Eat, sleep, zoom, repeat. For so many Australians working or learning from home has become the norm, which means hours spent in video meetings or lessons.
For me, it came as a rude shock after returning to remote working from parental leave early in 2021. Not only was I grappling with the etiquette and technology (you’re on mute, Soph) there was something very unsettling about looking at my own face all day.
It wasn’t long before I purchased a web cam thinking, ‘this laptop web cam just will not do’. And soon after that my husband (who is conveniently a video director) was working on my lighting.
It felt a bit vein and silly at first. But it did prompt me to think, how strange it is to see your own face while in a meeting. And what effect does that have on your confidence and body image, especially in an environment where a lot of us are feeling flat and worn out from a pandemic?
I began to notice friends and family remarking on their appearance during our video calls too. A joke about a double chin, or remark on their wrinkles.
So when I started digging into the topic, I wasn’t surprised to discover I wasn’t alone with feeling a bit ‘ugggh’ when switching on the camera. New research exploring the effect of video calling found that one in three Australian adults identified new appearance concerns when on video calls or meetings.1
Danni Rowlands, National Manager of Prevention Services at the Butterfly Foundation, likened video calling to sitting in front of a mirror for an extended period of time.
“This behaviour at the best of times can increase body and appearance checking, critiquing or criticising. Typically we would discourage prolonged time spent in front of a mirror, in an effort to support a more positive body image.”
Not only that, video calling allows us to instantly compare how we look in comparison to our peers.
“At the best of times this is problematic,” says Danni. “The more often a person makes body or appearance comparisons, the more at risk they are of feeling unhappy, uncomfortable and dissatisfied with their body and how they look.”
For many working or learning remotely for the first time due to COVID restrictions last year, it was coupled with changes to food and exercise habits, and a lack of social connection.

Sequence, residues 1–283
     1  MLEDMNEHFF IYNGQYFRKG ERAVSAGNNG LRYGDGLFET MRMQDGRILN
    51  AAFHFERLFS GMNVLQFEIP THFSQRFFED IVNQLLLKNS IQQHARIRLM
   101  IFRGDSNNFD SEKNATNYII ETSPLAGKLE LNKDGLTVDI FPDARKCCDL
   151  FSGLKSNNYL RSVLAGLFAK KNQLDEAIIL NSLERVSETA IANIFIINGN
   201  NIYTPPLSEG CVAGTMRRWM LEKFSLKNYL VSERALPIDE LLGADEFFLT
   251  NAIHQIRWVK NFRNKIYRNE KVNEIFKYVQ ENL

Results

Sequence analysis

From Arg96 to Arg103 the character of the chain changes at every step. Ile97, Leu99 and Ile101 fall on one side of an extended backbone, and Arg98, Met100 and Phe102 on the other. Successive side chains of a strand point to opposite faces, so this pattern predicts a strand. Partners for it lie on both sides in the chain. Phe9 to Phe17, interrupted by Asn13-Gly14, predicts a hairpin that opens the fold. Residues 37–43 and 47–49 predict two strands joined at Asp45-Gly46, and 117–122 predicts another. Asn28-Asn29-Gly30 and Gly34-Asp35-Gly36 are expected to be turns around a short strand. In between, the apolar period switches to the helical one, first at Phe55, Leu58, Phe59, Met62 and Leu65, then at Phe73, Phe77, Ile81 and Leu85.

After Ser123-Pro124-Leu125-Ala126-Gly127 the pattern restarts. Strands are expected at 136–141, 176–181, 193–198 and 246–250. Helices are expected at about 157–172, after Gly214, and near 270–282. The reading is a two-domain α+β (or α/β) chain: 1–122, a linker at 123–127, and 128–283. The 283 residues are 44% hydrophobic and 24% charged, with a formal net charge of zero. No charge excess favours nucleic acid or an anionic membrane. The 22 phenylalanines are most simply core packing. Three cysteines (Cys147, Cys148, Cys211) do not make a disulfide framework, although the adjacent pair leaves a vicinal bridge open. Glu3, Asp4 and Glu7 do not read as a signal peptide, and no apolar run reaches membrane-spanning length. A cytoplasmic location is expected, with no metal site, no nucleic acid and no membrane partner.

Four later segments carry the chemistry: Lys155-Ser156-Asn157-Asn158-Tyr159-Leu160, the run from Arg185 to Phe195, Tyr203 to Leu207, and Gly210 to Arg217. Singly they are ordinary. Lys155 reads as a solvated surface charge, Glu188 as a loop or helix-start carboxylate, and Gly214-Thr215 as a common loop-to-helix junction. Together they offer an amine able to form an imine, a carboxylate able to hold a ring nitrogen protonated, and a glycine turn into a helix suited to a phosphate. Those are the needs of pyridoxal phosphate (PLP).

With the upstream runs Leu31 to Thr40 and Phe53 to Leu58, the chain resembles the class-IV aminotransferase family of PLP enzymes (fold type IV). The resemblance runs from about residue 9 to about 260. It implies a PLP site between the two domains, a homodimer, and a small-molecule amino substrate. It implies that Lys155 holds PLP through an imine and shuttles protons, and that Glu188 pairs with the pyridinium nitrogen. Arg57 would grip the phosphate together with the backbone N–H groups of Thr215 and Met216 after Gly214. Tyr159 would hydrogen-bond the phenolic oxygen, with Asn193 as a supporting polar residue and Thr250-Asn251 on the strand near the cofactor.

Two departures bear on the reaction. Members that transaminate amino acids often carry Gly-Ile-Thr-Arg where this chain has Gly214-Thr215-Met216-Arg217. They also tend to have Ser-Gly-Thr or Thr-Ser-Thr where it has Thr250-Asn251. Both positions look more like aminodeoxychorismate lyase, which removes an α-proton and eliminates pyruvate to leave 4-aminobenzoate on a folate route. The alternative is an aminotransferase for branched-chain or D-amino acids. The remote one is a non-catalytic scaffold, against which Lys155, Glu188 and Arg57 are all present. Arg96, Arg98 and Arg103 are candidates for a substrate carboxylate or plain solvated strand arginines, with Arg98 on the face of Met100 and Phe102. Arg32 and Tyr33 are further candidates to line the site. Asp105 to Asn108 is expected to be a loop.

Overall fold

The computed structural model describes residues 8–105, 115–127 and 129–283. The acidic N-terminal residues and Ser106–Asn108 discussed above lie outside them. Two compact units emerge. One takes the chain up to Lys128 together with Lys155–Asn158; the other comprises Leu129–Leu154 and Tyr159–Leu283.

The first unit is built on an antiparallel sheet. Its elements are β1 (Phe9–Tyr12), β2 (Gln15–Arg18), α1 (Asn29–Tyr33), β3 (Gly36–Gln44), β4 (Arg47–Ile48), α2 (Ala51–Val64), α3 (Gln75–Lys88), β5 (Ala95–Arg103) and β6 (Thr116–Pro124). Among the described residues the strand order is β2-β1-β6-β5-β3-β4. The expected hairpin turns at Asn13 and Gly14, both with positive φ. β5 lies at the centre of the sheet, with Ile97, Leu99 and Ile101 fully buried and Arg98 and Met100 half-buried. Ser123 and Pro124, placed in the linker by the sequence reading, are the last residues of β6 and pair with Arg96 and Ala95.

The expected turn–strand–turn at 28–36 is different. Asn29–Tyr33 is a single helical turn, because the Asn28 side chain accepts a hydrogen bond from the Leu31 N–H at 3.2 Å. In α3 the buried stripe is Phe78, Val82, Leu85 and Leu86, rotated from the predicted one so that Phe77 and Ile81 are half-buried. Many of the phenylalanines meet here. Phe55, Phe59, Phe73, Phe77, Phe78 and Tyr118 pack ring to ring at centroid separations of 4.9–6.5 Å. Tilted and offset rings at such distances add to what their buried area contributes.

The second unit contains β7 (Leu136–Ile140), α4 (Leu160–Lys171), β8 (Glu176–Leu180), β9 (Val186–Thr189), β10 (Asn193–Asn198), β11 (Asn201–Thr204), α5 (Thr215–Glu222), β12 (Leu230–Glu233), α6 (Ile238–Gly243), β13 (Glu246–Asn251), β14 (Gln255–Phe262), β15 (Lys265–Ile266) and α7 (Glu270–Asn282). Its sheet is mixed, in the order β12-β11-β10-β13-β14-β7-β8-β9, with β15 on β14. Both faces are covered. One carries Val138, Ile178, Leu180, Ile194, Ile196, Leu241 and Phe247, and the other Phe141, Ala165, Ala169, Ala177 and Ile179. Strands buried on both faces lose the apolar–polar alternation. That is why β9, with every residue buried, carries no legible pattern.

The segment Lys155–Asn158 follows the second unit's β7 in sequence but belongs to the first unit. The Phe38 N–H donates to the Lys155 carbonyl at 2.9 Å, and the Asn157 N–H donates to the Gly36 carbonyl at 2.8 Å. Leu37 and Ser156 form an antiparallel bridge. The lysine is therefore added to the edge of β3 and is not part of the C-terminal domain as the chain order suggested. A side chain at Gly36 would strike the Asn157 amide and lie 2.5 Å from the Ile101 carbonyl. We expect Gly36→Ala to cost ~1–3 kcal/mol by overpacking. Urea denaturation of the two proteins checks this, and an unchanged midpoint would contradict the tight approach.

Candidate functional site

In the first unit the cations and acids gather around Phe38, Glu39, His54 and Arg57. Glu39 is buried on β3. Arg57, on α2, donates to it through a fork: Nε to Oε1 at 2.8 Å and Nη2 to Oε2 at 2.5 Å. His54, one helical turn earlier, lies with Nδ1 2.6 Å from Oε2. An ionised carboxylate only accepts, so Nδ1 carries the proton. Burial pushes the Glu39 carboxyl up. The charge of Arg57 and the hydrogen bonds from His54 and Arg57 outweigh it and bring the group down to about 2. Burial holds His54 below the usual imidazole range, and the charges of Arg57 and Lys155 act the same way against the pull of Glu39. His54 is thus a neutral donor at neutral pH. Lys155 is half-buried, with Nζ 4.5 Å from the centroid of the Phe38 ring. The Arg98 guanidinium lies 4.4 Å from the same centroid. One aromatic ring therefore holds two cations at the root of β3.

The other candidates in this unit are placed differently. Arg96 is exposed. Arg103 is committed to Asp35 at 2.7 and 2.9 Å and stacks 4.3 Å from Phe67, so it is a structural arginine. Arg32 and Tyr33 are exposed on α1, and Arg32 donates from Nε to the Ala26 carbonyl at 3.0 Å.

Sarah Kewming, Clinical Lead for Medibank’s Mental Health Phone Support Line said since the beginning of the pandemic, body dissatisfaction has been a regular theme with callers of all ages.
“What we are seeing is people who may not have an established eating disorder, but there are emerging thoughts and behaviours that are unusual or unhealthy for them.
“For example, with exercise. It’s completely healthy to go out for a walk or exercise each day. We know that exercise releases endorphins and boosts mood. But if you miss a day and that starts to create feelings of anxiety, or you feel angry at yourself, that’s when you know something is tipping into a problem.
“If you notice over a period of time those kinds of things are causing you distress, or you feel panicked or uncomfortable, it’s worthwhile reaching out for professional support.”
Like many others, working remotely and video calls are likely to continue to be part of my life well beyond the pandemic. So it’s all about adjusting to that, and keeping it healthy: less video, more good old fashioned phone calls and definitely no more self-deprecating comments about my wrinkles.
Tips for remaining body confident on video calls
There are many positive things that people can do to ensure their self-esteem and body confidence stays in check whilst engaging in video calls, says Danni from the Butterfly Foundation:
- Limit your time on video calls: It’s ok to say no to a video call. If you are in a meeting, turn your video off if you’re not presenting or talking. Try making a phone call rather than a video call if you need a break from the screen.
- Focus on other things: Try to focus on who is talking, rather than being distracted with your own image. It is strange seeing yourself on video.
- Dress for your day: Even if working from home, get dressed and present yourself neatly, as you would if you had to venture out of the house to go to school or work. You don’t need to look perfect, but ensuring that you are presenting yourself in a way that makes you feel comfortable is a sign of self-respect, this is good for your self-esteem and your body confidence.
- Be the positive change with your friends: If you find friends are chatting a lot about their appearance you can always let them know that it’s who they are rather than how they look that is important, throw in some positive comments and re-direct the conversation. If it’s happening a lot it may be a sign that your friend is struggling. Reach out to them privately if you feel they need some support.
If you are feeling down or feeling really uncomfortable about how you look, it may be time to reach out for support. You can start with your GP, or by calling the Butterfly Foundation’s national helpline on 1800 33 4673. If you’re a Medibank member, you can also call 24/7 Mental Health Phone Support on 1800 644 324 to speak with a qualified mental health professional.